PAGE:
In Saturday’s other semifinal, pairing the No. 2 and No. 4 seeds, World No. 2 Alexander Zverev of Germany and World No. 5 Stefanos Tsitsipas of Greece, it was Zverev who won 6-4, 3-6, 6-2.

Until Saturday, Tsitsipas had won all three meetings on clay, including a 6-4, 6-2 victory on April 16 in the semifinals of the Rolex Monte-Carlo Masters and was 7-3 overall against the German.

However, Zverev came in riding an eight-match Mutua Madrid Open winning streak since losing to Tsitsipas, 7-5, 3-6, 6-2, in the 2019 quarterfinals. Now, it’s nine and he’s into the final against Carlos Alcarez.

“Im just extremely happy to be in the final here,” Zverev said. “I know it’s going to be an extremely tough match tomorrow but I hope I can manage to play my best and give myself a chance.”

Koolhof and Skupski reach sixth doubles final of season

Wesley Koolhof of the Netherlands and Neal Skupski of Great Britain reached their sixth ATP doubles final of the season after defeating Hubert Hurkacz of Poland and John Isner of the United States, 7-6 (7), 7-5, in an  hour and 43 minutes.

The No. 7 seeds Koolhof and Skupski outpointed Hurkacz and Isner 78-64 to advance to Sunday’s final against No. 5 seeds Juan Sebastian Cabal and Robert Farah, both from Colombia. Cabal and Farah defeated No. 8 seeds Jamie Murray of Great Britain and Michael Venus of New Zealand, 7-6 (3), 6-3, in one hour and 27 minutes.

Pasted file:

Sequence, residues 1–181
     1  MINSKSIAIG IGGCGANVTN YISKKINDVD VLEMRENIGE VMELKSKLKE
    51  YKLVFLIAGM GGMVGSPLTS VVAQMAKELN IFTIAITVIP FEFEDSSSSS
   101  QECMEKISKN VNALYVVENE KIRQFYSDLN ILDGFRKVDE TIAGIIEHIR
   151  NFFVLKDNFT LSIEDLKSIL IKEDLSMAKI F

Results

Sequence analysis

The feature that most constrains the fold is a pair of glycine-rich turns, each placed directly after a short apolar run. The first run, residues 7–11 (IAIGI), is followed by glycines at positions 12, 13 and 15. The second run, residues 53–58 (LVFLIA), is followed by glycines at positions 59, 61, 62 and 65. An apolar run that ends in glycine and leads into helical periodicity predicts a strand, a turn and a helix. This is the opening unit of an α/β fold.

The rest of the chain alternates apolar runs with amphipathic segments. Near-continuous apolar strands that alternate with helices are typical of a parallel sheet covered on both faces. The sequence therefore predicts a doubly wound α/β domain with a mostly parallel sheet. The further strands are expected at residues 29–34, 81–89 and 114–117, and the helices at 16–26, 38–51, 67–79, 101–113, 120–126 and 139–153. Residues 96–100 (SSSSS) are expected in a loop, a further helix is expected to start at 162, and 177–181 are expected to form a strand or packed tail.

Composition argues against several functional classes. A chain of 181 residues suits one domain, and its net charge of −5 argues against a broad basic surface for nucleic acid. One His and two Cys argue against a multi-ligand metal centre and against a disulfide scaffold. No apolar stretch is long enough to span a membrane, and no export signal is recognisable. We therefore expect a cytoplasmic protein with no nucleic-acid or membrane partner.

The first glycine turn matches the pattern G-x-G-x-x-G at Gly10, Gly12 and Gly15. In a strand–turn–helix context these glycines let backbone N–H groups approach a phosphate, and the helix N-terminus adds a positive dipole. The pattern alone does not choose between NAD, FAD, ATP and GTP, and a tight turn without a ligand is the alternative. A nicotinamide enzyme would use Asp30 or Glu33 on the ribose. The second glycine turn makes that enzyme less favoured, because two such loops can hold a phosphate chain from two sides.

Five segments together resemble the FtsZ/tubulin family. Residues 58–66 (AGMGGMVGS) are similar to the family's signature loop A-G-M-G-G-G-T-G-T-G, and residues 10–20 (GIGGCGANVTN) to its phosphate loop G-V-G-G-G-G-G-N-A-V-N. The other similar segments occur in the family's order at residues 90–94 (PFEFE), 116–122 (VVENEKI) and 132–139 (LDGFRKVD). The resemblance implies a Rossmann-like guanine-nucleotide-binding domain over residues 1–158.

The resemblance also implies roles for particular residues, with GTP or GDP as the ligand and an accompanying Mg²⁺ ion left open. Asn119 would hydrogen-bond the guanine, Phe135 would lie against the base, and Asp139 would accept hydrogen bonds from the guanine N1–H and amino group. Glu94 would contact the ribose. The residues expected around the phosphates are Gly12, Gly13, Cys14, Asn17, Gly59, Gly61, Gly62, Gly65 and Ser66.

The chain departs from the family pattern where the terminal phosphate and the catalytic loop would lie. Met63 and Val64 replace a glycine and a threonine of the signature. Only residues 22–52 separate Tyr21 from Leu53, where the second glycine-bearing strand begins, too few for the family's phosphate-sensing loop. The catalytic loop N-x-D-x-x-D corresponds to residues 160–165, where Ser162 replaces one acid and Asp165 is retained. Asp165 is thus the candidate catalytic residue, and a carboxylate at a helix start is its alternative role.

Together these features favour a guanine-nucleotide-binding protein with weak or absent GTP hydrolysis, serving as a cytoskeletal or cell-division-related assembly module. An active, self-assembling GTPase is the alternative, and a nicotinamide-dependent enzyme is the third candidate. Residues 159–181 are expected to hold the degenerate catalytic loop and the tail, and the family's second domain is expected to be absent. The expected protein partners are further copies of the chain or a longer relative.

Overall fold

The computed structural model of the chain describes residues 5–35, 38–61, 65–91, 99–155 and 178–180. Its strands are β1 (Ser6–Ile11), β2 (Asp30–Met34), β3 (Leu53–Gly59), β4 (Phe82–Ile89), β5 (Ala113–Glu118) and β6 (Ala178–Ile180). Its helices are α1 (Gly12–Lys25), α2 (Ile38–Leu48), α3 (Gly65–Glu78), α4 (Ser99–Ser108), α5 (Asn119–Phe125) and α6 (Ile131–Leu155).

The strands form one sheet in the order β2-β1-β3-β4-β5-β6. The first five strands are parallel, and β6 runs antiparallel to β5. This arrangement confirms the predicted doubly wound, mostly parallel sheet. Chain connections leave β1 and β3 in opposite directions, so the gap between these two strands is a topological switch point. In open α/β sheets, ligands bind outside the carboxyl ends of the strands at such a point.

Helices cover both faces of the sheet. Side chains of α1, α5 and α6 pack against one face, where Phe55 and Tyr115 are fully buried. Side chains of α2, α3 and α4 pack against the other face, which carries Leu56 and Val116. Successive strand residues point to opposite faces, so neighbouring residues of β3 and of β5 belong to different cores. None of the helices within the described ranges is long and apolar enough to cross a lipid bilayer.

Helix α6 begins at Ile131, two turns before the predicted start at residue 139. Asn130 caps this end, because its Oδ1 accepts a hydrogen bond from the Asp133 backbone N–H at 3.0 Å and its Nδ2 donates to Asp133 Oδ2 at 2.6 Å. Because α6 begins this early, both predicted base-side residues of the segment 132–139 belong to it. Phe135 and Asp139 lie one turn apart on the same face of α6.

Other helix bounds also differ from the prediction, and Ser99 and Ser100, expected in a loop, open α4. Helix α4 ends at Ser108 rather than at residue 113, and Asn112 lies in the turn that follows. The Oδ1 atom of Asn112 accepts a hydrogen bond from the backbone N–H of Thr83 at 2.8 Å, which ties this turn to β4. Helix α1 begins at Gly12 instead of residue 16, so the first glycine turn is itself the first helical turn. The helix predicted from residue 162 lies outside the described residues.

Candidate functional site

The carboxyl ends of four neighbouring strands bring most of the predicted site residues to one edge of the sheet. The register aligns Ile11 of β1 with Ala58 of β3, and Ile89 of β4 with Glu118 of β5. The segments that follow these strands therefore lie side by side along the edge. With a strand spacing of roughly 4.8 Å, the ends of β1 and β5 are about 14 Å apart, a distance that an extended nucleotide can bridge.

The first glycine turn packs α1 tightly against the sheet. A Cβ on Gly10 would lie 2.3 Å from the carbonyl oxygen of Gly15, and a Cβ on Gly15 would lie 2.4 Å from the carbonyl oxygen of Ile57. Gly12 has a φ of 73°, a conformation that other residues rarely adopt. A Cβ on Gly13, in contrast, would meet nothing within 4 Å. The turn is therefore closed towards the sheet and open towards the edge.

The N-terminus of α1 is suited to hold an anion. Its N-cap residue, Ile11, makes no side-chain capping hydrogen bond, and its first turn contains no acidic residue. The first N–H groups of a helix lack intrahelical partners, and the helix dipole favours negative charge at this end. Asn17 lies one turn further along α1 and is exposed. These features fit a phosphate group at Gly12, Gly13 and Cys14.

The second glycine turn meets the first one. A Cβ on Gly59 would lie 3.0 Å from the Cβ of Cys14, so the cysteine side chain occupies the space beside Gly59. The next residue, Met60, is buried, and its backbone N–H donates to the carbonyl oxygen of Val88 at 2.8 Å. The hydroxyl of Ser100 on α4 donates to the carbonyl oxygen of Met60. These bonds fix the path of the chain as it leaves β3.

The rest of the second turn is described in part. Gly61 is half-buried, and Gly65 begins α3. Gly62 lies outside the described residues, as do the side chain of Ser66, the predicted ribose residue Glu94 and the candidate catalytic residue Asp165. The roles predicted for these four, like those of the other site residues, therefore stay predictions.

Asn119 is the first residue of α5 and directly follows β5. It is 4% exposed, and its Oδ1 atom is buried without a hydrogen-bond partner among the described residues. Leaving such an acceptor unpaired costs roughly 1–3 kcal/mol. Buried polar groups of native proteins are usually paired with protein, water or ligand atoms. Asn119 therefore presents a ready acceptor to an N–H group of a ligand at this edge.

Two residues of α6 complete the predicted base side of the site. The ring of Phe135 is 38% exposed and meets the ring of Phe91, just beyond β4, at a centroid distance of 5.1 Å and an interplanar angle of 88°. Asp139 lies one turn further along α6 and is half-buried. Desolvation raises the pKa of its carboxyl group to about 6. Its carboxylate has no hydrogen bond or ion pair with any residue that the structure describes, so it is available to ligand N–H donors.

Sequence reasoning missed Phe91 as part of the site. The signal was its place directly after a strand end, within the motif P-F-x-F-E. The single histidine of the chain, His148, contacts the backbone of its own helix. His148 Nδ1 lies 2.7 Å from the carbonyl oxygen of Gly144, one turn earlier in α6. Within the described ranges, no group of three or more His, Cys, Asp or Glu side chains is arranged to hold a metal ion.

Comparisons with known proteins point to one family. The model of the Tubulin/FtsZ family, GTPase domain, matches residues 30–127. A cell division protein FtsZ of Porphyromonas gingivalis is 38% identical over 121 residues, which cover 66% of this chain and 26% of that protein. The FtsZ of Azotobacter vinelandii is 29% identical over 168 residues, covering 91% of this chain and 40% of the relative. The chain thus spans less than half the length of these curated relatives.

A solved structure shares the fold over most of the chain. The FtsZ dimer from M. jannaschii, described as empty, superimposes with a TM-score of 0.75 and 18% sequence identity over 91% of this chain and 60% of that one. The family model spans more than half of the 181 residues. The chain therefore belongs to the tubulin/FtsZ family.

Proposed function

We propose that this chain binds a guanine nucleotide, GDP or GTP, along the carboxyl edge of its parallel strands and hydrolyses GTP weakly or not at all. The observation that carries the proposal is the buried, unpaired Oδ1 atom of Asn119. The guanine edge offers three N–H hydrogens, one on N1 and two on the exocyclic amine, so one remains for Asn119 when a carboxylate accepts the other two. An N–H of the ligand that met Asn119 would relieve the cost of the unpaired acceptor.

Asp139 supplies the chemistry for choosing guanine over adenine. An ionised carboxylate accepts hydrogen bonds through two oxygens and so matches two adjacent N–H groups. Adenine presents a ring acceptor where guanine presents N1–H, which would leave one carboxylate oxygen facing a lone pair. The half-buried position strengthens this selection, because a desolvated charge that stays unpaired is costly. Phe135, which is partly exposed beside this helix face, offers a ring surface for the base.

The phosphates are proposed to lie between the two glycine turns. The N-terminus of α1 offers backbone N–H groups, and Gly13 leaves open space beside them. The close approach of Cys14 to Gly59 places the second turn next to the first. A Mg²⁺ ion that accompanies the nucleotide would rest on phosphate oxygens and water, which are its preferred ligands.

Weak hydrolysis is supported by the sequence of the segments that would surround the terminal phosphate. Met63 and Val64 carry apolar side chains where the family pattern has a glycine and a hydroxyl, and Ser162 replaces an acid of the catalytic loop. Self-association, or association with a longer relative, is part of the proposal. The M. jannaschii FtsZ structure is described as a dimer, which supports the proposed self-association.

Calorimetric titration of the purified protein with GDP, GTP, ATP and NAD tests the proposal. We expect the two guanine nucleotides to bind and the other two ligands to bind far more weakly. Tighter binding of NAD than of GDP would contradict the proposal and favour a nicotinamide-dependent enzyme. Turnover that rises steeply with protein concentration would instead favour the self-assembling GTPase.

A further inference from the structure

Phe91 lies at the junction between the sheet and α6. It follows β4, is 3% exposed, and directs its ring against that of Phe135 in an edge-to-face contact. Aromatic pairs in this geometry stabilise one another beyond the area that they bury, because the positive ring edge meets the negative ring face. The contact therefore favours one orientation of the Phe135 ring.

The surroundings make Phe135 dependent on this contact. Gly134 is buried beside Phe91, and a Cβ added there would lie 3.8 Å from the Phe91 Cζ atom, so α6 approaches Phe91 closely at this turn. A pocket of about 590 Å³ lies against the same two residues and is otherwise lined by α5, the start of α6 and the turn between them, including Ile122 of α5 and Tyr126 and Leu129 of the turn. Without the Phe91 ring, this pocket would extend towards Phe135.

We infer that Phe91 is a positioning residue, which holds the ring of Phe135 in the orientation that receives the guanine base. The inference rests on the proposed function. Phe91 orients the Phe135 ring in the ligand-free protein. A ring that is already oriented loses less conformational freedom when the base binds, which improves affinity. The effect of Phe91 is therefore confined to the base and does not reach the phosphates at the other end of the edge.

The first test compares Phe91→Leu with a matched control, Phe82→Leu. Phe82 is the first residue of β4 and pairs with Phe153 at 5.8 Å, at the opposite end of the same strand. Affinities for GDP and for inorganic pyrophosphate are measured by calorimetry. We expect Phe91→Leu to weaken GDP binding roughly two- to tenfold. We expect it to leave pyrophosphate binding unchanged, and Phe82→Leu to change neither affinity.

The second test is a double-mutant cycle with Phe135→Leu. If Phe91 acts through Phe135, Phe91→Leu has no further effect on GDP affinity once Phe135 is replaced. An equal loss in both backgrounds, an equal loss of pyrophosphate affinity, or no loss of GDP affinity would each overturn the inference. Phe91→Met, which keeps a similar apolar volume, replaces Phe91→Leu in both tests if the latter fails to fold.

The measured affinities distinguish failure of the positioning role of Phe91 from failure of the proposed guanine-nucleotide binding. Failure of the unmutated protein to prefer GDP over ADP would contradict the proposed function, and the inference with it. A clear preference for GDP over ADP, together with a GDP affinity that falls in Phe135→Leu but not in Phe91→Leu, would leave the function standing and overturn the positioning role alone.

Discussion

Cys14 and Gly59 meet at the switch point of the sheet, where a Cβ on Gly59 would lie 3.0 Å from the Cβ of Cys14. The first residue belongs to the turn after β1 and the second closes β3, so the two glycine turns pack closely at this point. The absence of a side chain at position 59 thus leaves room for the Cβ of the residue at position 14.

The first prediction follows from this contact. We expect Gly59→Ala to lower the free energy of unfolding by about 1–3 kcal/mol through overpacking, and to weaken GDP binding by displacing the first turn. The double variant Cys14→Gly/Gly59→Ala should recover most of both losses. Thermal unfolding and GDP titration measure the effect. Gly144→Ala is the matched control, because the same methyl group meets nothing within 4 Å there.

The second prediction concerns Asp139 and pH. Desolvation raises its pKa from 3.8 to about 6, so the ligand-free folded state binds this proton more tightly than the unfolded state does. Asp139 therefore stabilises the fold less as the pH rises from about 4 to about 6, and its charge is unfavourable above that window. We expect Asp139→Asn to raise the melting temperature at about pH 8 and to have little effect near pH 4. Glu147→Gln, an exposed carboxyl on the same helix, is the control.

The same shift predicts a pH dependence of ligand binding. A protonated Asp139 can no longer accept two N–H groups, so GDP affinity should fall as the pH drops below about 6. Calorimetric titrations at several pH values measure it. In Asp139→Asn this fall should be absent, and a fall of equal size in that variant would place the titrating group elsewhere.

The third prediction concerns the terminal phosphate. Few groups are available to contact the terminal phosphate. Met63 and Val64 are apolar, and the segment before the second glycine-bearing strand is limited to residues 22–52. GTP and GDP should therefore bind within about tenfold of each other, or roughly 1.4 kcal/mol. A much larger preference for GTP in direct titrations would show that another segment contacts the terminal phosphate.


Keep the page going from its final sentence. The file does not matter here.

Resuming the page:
Plenty of high-profile attendees for Friday’s Alcaraz-Nadal match

Friday’s Carlos Alcaraz-Rafael Nadal quarterfinal match drew a Spanish who’s who to La Caja Mágica. Among the high-profile attendees: The King of Spain, Felipe VI; legendary Real Madrid forward Raul Gonzalez; and former Spanish international football star David Villa.

By the numbers

Rafael Nadal’s quarterfinal loss to Carlos Alcaraz on Friday was his first to a Spaniard since 2016, when he fell to Fernando Verdasco at the Australian Open. He has a 138-22 win-loss record against his countrymen.

“Quotable …”

“The reading of the tournament is I have played three matches and that I came here with hardly any preparation, with no preparation. This is the reality. I said that before coming here it was going to be a tough week, even though I have lost to one of the fittest players of the world with no doubts, I even had my opportunities.

“I have played two-and-a-half hours [today] and three matches. This is a positive outcome. From here onwards, just looking forward with optimism and [I’m] happy and excited. We will see what happens. You have to believe.”

Rafael Nadal, during his post-match press conference following his quarterfinal loss to Carlos Alcaraz on Friday.